Darn! There are so many difficult decisions to make when you’re having fun.
Well, there were 15 other idiots there as Ranger Kayla Altland gave the first campfire program of the 2014 season at Mesa Verde. The amphitheater and its parking lot are both ginormous! Like a football stadium. I wonder if those seats fill when summer visitation really gets rolling. Rain threatened to cancel it but stopped just in time, so her talk on trees proceeded. I was glad I went, but it was down to 40 when I got back home.
Saturday was cold, threatening to rain, flashing lightning to the northwest and the kind of day that makes me happy I’m not in a tent any more. Out to Balcony House with ranger Joshua Pelham for a really good tour and humor-filled presentation. Balcony House, with a number of challenging ladders and tunnels through which visitors must literally crawl, must be special fun for rangers when they encounter those visitors who have jumped into something they can’t handle. I was walking through the parking lot when we finished and a lady remarked that she had been here a couple of years ago and Josh had been their ranger at Balcony House then. She said he had been as enjoyable then as he was this time. I suggested she write a letter to the superintendent. She promised to do so.
Sunday was worse, weather-wise. It rained all night and well into the morning, with temperatures hovering in the 30s and low 40s. I spent Sunday driving down to Chapin Mesa again in the morning and then out to Wetherill Mesa for the two o’clock tour of Long House. What a spectacular road! Fog was so bad at times, though, that just managing to stay on the spectacular road was quite a feat. Just before the road ended I topped a rise and found myself looking out to the south where the sky was clearer. Shiprock was displaying itself beneath a dark and threatening stormy sky.
Long House is probably my favorite Mesa Verde tour. Because it’s out of the way and takes some serious effort the get there, it doesn’t have as many visitors and those who do make it and survive the drive are a special breed. This trip was led by Ranger Joshua Montanari. He turned out to be a special breed, too. His talk as he led us along the trail and through the ruins was spiced with plenty of humor and fun. He managed to get his group of visitors involved which always makes a tour more much more interesting and memorable. Now I guess I have to write a letter to Superintendent Cliff Spencer to let him know what a fine job is being done by Deb and Josh and Josh.
I’ve also noticed that there are more law enforcement rangers in evidence here than other places. I spotted a traffic stop yesterday in which an LE ranger whose last name I later learned is Mitchell appeared to be running a field sobriety test on a driver. In places like Mesa Verde, where scads of people come to visit, where traffic is sometimes a mess, and where the resource to be protected is so spread out, I can easily see the need for them. One other thing I’ve noticed – I don’t believe I’ve seen any volunteers.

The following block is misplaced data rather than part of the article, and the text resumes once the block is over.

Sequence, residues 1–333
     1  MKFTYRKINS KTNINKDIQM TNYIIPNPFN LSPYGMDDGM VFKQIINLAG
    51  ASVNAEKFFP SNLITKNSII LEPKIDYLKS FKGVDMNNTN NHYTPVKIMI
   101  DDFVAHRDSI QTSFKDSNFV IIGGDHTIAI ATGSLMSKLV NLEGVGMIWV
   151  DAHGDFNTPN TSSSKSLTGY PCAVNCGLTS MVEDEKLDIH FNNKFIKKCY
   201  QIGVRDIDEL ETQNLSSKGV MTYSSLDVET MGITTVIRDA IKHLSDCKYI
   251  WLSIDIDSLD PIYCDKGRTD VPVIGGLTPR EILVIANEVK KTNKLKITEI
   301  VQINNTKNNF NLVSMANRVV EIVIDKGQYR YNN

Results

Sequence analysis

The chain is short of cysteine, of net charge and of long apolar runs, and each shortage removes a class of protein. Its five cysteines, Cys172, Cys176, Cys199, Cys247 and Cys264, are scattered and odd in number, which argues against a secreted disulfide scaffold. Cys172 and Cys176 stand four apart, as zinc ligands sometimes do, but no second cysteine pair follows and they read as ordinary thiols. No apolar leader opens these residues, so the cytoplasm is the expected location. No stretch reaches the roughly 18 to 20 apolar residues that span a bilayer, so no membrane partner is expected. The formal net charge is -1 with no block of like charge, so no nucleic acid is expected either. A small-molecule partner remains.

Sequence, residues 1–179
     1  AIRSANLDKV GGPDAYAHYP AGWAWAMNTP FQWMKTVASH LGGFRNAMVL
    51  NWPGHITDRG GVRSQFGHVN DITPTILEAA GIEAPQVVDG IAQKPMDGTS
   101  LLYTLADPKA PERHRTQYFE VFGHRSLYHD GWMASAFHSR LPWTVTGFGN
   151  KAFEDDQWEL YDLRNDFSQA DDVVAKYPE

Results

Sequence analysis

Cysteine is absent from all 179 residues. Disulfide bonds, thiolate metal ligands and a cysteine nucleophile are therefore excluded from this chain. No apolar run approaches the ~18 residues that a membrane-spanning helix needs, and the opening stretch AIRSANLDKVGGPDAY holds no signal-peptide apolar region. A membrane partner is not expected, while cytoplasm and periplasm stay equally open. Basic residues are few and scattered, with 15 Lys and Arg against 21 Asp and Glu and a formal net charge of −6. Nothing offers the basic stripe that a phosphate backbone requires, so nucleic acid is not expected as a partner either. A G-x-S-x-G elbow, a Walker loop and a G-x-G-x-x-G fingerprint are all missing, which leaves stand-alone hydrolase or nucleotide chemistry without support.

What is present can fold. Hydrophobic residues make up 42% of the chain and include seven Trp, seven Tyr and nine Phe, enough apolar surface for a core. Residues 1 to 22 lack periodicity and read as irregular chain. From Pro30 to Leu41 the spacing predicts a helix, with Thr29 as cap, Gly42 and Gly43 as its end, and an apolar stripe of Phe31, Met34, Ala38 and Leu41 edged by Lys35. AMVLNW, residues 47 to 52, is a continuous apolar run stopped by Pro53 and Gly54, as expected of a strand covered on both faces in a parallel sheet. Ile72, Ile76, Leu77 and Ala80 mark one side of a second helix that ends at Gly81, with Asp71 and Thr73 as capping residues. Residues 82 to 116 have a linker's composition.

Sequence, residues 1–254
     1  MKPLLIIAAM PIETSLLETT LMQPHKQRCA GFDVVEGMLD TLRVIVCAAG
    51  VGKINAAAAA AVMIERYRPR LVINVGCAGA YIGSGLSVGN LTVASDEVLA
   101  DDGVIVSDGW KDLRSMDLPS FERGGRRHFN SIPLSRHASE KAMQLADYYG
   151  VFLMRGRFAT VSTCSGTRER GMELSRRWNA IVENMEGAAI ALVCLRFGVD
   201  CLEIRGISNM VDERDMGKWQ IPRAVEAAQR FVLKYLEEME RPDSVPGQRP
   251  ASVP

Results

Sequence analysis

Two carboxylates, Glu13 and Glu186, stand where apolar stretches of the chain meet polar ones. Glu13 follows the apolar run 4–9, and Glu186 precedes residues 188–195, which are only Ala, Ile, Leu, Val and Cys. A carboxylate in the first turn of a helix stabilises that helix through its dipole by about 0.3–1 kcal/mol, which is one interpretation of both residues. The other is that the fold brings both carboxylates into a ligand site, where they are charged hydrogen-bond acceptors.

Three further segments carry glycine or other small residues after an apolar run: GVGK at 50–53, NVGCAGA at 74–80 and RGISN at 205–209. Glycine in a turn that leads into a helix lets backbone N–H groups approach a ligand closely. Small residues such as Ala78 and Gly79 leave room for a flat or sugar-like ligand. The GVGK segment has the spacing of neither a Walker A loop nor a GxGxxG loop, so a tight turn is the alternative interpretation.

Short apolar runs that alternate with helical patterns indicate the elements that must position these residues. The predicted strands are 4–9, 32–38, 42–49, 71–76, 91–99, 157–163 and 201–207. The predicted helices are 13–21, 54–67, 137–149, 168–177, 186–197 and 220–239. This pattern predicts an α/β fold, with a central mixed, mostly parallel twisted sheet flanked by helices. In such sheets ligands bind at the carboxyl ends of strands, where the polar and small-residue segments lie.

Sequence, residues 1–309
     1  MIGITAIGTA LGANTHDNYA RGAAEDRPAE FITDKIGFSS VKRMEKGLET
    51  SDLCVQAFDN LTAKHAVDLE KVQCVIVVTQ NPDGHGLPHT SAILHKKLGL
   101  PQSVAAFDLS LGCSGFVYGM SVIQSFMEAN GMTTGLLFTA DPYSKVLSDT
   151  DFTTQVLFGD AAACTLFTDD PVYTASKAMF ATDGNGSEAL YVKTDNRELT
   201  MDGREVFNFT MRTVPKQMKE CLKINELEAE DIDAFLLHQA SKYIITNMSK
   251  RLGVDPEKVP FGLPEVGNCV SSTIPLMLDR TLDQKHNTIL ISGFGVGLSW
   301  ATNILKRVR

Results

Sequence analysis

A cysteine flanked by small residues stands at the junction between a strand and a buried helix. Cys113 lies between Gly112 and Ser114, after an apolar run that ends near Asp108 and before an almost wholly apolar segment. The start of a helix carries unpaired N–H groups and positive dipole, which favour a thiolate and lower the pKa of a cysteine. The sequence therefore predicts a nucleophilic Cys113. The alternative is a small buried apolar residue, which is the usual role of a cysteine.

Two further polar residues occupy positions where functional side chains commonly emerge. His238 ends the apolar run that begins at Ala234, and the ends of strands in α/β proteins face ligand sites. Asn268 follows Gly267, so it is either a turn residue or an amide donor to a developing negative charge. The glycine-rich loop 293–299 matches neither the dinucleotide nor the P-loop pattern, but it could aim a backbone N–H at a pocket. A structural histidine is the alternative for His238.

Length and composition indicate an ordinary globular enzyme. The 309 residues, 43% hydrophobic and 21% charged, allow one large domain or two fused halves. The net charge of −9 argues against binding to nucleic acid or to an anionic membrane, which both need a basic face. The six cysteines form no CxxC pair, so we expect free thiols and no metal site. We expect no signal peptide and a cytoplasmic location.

I did listen in as one very capable seasonal ranger was answering the common question, “How do you get a job like yours?” The ranger gave an honest answer in which frustration could be heard and explained how it’s nearly impossible to make the jump from seasonal to permanent these days. Even though the answer included stories of winter unemployment checks and frustration at failing to find even a volunteer spot last winter, there was still pride in the words. I found myself wondering again how the Park Service – and other federal agencies – are still able to find talented and enthusiastic people despite being an employer that mimics WalMart in providing part time jobs with no medical and other benefits and not much future.
On the way back in from Wetherill Mesa on Sunday, I stopped off at the famous Metate Room fully expecting there would be no way I could afford a meal there. It was a pleasant surprise to learn it cost much, much less than I expected. Prices ranged from $16 to $34 for dinners. After a month of surviving my own cooking I decided to go for it. I’m a guy who thinks fancy dining means Denny’s so I had to ask for advice from the waiter. I settled on something called Masa Chicken Asadaro. Oh, my goodness! And when it came time for dessert, they didn’t just hand me a dessert menu. I was presented a whole passel of desserts laid out on a tray like a bunch of new luxury cars at a dealer’s. I chose the flan, although truthfully I wish I could have said, “How about all of them?”
Then came the big surprise when the waiter leaned over my shoulder and whispered, “Your check has been paid by another diner who asked that I wish you Happy Memorial Day.” I was stunned, but very happily surprised. The only thing I could think of was that on the climb up the 30-foot-ladder out of Balcony House an older gentleman had trouble about halfway up and I was in a position where I was able to talk him through it. I didn’t think anyone had noticed. Then again, it may have been a random act of kindness.
Whatever the case, it was the perfect end of a great visit to a wonderful national park.